About Us | Help Videos | Contact Us | Subscriptions
 

Abstract

 

This article in SSSAJ

  1. Vol. 51 No. 5, p. 1155-1160
     
    Received: Dec 8, 1986
    Published: Sept, 1987


 View
 Download
 Alerts
 Permissions
 Share

doi:10.2136/sssaj1987.03615995005100050011x

Monovalent Ion Adsorption by an Oxisol1

  1. Laurent Charlet and
  2. Garrison Sposito2

Abstract

Abstract

An experimental method was developed to measure simultaneously the net proton surface charge density (σH) and surface excesses of metal (nM) and ligand (nL) on an Oxisol suspended in a ML electrolyte solution. The soil sample was first saturated with a LiClO4 solution whose pH and ionic strength were equal to the maximum values to be used in the adsorption experiments. The ionic strength then was decreased, LiClO4 was exchanged for ML (ML = NaCl or KNO3), and a soil paste was prepared to allow reproducible sampling of small quantities of the whole soil. A discontinuous titration followed in which the soil paste was equilibrated with a series of ML electrolyte solutions of specific pH and ionic strength. Values of nM and nL were measured at 25°C, and it was shown that the point of zero net charge (PZNC) ≈ 4.2, independent of the electrolyte and its ionic strength in the range 4 to 500 mol m−3. Given a negligible permanent surface charge, typical of Oxisols, PZNC = PZNPC (point of zero net proton charge). The net proton surface charge density then could be calculated from titration data renormalized to the PZNC. The net proton surface charge of the Ha-plustox used in this study vanished at pH 4.2 and showed very little dependence on ionic strength, indicating the dominant role of kaolinitic and organic matter constituents in determining its surface properties. Surface complexation reactions between the soil and a 1:1 electrolyte solution were characterized quantitatively by intrinsic equilibrium constants calculated according to the triple layer model. The average values found were similar to those that have been obtained previously for specimen hydrous oxides suspended in 1:1 electrolyte solutions.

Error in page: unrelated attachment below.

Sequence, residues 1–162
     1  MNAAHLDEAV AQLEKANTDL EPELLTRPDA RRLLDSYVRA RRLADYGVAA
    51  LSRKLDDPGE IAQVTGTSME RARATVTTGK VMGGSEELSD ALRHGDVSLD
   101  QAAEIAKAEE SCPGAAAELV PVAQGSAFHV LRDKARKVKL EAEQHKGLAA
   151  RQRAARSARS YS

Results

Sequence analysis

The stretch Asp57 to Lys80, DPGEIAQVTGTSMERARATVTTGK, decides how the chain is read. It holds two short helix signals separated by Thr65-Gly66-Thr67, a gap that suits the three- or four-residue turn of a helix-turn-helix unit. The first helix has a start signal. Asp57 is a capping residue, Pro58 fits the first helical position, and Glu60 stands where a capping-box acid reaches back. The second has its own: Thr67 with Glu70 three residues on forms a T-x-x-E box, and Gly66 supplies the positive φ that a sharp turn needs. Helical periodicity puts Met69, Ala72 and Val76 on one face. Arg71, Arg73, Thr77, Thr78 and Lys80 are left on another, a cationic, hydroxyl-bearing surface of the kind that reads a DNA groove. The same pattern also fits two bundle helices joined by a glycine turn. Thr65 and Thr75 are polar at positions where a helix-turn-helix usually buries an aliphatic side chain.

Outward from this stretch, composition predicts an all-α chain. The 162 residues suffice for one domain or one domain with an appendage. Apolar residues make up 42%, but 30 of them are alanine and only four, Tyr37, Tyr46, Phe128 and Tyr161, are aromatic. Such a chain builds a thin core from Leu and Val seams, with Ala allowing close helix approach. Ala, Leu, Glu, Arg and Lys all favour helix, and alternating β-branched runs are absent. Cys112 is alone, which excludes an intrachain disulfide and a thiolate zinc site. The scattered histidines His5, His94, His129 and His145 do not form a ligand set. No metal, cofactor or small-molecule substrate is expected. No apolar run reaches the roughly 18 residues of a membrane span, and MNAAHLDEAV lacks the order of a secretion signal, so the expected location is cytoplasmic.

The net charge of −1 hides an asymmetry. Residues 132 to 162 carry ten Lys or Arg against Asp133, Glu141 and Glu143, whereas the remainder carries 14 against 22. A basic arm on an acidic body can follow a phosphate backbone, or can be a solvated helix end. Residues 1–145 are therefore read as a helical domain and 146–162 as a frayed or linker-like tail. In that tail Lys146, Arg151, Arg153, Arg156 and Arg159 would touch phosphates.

Please view the pdf by using the Full Text (PDF) link under 'View' to the left.

Copyright © . Soil Science Society of America